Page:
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Levite

Index Levite

A Levite or Levi is a Jewish male whose descent is traced by tradition to Levi. [1]

98 relations: Aaron, Aliyah, Aramaic language, Ashkenazi Jews, Baal, Bat-Kohen, Bible, Biblical Hebrew, Book of Numbers, Bukharan Jews, Canaan, Chaim Herzog, Claude Lévi-Strauss, Conservative Judaism, David Cameron, Efraim Halevy, Egalitarianism, Elia Levita, English language, Ezekiel, Ezra, Finding Your Roots, First tithe, Frank Gehry, German language, Habakkuk, Halakha, Halevi, Haplogroup R1a, Hebrew language, Horowitz, Isaiah, Israel, Israelites, Jacob, Jeremiah, Jewish holidays, Jews, John the Baptist, Joshua, Judaism, Ken Levine (screenwriter), Kohen, Korah, Korban, Kristallnacht, Landed property, Leah, Levi, Levi (surname), ..., Levice, Levin (surname), Levine, Levy (surname), Lewin, Lion, Luciano Moše Prelević, MailOnline, Malachi, Miriam, Mitzvah, Mnachem Risikoff, Mohani, Moses, Norman Lear, Noun, Orthodox Judaism, Patrilineality, Pidyon haben, Poles, Priest, Priestly Blessing, Primo Levi, Reconstructionist Judaism, Reform Judaism, Repentance in Judaism, Rishonim, Russia, Russians, Saadia Kobashi, Samaritan High Priest, Samaritanism, Samaritans, Samuel, Sephardi Jews, Sindh, Sorbs, Temple in Jerusalem, The Holocaust, Tithe, Torah, Torah reading, Tribe of Levi, Ukrainians, Urfalim, Yaakov Yitzchak Horowitz, Yiddish, Zerachiah ha-Levi of Girona. Expand index (48 more) »

Aaron

Aaron is a prophet, high priest, and the brother of Moses in the Abrahamic religions (elder brother in the case of Judaism).

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Aliyah

Aliyah (עֲלִיָּה aliyah, "ascent") is the immigration of Jews from the diaspora to the Land of Israel (Eretz Israel in Hebrew).

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Aramaic language

Aramaic (אַרָמָיָא Arāmāyā, ܐܪܡܝܐ, آرامية) is a language or group of languages belonging to the Semitic subfamily of the Afroasiatic language family.

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Ashkenazi Jews

Ashkenazi Jews, also known as Ashkenazic Jews or simply Ashkenazim (אַשְׁכְּנַזִּים, Ashkenazi Hebrew pronunciation:, singular:, Modern Hebrew:; also), are a Jewish diaspora population who coalesced in the Holy Roman Empire around the end of the first millennium.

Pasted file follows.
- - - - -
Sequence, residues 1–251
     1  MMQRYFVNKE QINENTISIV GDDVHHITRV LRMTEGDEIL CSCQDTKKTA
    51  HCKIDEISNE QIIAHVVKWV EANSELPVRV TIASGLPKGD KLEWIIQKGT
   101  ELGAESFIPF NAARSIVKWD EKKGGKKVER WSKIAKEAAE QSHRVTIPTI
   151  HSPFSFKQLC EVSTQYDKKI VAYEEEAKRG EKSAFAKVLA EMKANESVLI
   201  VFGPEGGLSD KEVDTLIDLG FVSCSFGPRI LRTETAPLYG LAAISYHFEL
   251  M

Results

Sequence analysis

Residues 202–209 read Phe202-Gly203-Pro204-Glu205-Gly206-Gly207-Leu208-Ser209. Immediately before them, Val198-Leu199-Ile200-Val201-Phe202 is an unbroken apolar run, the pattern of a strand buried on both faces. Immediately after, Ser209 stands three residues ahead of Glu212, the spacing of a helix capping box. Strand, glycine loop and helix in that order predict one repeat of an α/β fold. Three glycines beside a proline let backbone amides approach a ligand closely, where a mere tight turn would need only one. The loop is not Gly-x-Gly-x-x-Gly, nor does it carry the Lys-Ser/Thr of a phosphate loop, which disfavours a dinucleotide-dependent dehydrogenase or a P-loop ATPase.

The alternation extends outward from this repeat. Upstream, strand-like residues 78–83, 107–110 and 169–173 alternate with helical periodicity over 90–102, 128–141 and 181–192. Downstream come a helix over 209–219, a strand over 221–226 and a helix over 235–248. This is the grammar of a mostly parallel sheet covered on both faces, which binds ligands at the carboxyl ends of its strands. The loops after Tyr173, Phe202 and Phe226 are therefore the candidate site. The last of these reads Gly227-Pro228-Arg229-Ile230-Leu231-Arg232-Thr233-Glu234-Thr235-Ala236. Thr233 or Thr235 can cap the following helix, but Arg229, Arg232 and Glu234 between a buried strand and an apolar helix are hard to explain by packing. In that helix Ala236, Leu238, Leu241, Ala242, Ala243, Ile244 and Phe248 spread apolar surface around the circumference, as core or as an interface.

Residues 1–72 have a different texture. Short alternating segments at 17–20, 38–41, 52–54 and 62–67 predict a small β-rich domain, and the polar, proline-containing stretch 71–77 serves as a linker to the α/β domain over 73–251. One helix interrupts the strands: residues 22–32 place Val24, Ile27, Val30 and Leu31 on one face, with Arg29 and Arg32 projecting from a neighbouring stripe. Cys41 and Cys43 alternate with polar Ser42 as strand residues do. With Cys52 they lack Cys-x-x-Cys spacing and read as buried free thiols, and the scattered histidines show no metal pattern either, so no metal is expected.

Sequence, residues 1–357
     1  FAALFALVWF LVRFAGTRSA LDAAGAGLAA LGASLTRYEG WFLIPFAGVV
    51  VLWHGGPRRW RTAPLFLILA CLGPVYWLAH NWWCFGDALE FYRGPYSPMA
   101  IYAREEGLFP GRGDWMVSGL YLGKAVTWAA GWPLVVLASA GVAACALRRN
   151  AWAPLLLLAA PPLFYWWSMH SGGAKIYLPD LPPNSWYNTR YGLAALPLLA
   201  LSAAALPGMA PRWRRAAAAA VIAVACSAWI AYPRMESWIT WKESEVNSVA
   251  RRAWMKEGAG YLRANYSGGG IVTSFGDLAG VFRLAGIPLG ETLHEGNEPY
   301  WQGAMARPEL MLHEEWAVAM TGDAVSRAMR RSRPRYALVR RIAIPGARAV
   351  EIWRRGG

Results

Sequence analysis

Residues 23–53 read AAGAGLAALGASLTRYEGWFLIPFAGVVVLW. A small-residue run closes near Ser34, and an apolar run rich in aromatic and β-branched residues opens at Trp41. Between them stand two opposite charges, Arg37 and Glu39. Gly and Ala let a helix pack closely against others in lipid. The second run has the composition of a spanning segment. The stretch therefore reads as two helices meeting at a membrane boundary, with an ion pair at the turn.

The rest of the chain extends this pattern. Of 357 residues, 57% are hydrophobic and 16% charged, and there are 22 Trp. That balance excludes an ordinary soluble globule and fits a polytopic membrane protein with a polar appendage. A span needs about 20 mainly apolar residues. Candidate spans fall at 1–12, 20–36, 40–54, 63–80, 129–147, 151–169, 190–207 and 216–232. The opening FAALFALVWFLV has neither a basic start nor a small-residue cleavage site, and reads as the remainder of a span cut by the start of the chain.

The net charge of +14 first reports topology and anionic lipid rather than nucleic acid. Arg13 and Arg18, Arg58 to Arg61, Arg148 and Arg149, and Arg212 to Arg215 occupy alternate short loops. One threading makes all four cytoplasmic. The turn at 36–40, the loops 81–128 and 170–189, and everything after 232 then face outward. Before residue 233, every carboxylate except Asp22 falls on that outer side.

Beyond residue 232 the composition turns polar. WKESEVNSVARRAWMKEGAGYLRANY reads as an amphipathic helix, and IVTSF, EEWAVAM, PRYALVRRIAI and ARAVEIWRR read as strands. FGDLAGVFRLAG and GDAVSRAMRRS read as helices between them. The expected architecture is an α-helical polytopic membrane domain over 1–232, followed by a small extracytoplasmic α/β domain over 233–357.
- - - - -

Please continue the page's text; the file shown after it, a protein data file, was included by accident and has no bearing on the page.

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Baal

Baal,Oxford English Dictionary (1885), "" properly Baʿal, was a title and honorific meaning "lord" in the Northwest Semitic languages spoken in the Levant during antiquity. From its use among people, it came to be applied to gods. Scholars previously associated the theonym with solar cults and with a variety of unrelated patron deities, but inscriptions have shown that the name Baʿal was particularly associated with the storm and fertility god Hadad and his local manifestations. The Hebrew Bible, compiled and curated over a span of centuries, includes early use of the term in reference to God (known to them as Yahweh), generic use in reference to various Levantine deities, and finally pointed application towards Hadad, who was decried as a false god. That use was taken over into Christianity and Islam, sometimes under the opprobrious form Beelzebub in demonology.

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Bat-Kohen

A bat-kohen or bat kohen (בת כהן) is the daughter of a Jewish priest, who holds a special status which is governed by special regulations in the Hebrew Bible and rabbinical texts.

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Bible

The Bible (from Koine Greek τὰ βιβλία, tà biblía, "the books") is a collection of sacred texts or scriptures that Jews and Christians consider to be a product of divine inspiration and a record of the relationship between God and humans.

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Biblical Hebrew

Biblical Hebrew (rtl Ivrit Miqra'it or rtl Leshon ha-Miqra), also called Classical Hebrew, is an archaic form of Hebrew, a Canaanite Semitic language spoken by the Israelites in the area known as Israel, roughly west of the Jordan River and east of the Mediterranean Sea.

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Book of Numbers

The Book of Numbers (from Greek Ἀριθμοί, Arithmoi; בְּמִדְבַּר, Bəmiḏbar, "In the desert ") is the fourth book of the Hebrew Bible, and the fourth of five books of the Jewish Torah.

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Bukharan Jews